After you’ve questioned the thought, use the Friend Test. What if your dearest friend shared this thought about themselves? How would you respond? Give yourself that same love and compassion that you’d give a friend.
2. Stop commenting on other peoples’ bodies
“Wow, you look great! Did you lose weight?” “I’d kill for your legs.” “What a pretty little girl!”
Commenting on someone else’s appearance has become commonplace, and although the commenter usually means well, this constant focus on looks perpetuates our cultural obsession with appearance. There can be a time and place for appearance-based comments (it can feel great when your partner or best friend tells you how fantastic you look, right?!), but we can all benefit from shifting our focus away from appearance and onto deeper qualities. Replace appearance-based comments with compliments about a person’s character and strengths.
3. Express gratitude for the functionality of your body
A self-gratitude practice is a great way to start to appreciate your body. Try starting or ending your day with at least one thing you feel grateful for about your body. Instead of thinking about how your body looks, think about how it functions – your strong arms that carry your children, your beating heart, and your attuned palette.
4. Prune your social media feed
The images and messages you take in everyday shape the way you view your own body. Unfollow social media accounts that pull you into comparison and self-criticism. Follow accounts that nurture your appreciation for yourself and your life. Remember, you are the gatekeeper of what you take in! As a bonus, follow new accounts that celebrate body diversity.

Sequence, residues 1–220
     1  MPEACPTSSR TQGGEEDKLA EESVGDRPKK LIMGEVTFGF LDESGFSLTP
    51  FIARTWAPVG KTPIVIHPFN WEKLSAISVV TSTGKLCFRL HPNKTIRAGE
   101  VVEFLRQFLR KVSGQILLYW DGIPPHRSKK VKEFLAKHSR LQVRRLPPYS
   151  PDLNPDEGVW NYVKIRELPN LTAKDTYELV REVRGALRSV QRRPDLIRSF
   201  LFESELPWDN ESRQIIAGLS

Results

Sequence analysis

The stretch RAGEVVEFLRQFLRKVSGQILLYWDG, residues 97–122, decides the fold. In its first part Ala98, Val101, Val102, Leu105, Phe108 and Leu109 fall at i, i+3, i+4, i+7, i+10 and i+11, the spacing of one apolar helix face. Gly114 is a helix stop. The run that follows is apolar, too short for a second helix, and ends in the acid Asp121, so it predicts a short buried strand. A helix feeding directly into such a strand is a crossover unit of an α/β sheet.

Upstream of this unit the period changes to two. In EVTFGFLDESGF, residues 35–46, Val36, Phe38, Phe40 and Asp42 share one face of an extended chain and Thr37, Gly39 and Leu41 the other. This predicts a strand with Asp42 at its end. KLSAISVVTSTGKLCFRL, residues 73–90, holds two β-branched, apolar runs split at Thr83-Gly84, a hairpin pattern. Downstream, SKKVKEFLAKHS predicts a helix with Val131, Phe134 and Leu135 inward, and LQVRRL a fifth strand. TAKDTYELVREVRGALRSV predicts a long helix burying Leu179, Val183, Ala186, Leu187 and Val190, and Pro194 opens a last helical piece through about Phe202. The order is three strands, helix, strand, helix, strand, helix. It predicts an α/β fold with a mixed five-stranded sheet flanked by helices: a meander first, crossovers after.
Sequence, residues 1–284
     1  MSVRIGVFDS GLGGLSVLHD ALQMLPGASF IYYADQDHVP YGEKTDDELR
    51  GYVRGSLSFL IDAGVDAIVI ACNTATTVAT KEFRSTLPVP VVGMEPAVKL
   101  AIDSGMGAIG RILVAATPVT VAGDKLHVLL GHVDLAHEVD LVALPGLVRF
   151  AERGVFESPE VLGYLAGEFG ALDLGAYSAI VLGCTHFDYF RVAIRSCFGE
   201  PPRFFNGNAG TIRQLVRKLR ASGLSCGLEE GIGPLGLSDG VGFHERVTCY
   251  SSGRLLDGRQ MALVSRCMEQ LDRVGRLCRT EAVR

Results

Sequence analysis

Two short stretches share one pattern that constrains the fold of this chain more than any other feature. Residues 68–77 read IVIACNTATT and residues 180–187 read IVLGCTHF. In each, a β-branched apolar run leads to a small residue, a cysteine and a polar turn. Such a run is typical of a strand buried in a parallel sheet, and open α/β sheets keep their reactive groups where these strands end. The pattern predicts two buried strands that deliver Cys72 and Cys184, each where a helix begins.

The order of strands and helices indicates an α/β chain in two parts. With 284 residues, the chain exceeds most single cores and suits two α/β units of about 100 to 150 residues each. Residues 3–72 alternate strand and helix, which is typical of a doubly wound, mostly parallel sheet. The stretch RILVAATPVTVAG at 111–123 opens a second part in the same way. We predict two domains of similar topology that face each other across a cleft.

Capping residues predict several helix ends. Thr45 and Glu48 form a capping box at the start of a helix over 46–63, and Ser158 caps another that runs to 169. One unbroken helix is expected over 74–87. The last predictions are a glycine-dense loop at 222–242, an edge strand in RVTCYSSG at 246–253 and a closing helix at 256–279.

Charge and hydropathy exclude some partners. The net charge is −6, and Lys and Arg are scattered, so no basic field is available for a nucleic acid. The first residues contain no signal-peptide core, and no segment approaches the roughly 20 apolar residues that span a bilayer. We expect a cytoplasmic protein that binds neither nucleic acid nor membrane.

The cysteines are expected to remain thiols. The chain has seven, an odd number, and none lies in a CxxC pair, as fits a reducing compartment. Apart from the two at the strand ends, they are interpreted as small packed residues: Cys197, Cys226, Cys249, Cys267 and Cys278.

5. Spend time with your body
It’s hard to appreciate something that you don’t know very well. Get to know your body by spending time with it. This can take many different forms – meditation, deep breathing, tracking your menstrual cycle, hiking, yoga, dancing, or taking a bath. The point is to drop into your body and get to know its signals. For me, spending time with my body is the most important reason I exercise. Whether it’s a run or a yoga class, that daily date with my body has helped me appreciate it (and, dare I say, love it!) more and more everyday.
BTW, want to have a healthy relationship with food? Learn all the basics of intuitive eating in this post.
“Body Image and Physical Activity.” Body Image and Physical Activity | Association for Applied Sport Psychology, appliedsportpsych.org/resources/health-fitness-resources/body-image-and-physical-activity/.
Oswald, A., Chapman, J. and Wilson, C., 2017. Do interoceptive awareness and interoceptive responsiveness mediate the relationship between body appreciation and intuitive eating in young women?. Appetite, 109, pp.66-72.
Augustus-Horvath, C.L. and Tylka, T.L., 2011. The acceptance model of intuitive eating: a comparison of women in emerging adulthood, early adulthood, and middle adulthood. Journal of counseling psychology, 58(1), p.110.
Runfola CD, Von Holle A, Trace SE, et al. Body dissatisfaction in women across the lifespan: results of the UNC-SELF and Gender and Body Image (GABI) studies. Eur Eat Disord Rev. 2013;21(1):52-59. doi:10.1002/erv.2201